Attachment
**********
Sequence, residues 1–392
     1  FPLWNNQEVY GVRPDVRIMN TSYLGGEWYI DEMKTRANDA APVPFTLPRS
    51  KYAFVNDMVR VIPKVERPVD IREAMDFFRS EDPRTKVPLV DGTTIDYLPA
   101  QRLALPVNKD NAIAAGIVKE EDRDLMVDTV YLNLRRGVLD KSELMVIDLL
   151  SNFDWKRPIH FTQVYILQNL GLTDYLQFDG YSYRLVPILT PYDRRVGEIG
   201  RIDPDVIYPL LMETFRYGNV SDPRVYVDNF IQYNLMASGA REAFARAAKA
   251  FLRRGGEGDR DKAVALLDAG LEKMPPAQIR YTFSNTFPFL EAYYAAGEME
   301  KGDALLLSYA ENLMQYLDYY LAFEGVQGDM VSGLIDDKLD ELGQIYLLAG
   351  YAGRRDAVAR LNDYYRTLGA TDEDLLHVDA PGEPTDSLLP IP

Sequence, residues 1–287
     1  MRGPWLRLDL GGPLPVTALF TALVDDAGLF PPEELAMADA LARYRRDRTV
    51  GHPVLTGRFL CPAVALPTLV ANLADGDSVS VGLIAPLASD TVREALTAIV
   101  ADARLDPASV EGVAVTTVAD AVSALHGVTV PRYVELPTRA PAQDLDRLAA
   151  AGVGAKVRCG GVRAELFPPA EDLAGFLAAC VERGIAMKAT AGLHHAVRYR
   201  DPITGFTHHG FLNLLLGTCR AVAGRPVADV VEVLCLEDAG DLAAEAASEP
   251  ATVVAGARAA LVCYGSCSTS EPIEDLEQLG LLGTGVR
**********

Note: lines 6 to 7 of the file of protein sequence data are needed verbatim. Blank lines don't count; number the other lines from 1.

   201  RIDPDVIYPL LMETFRYGNV SDPRVYVDNF IQYNLMASGA REAFARAAKA
   251  FLRRGGEGDR DKAVALLDAG LEKMPPAQIR YTFSNTFPFL EAYYAAGEME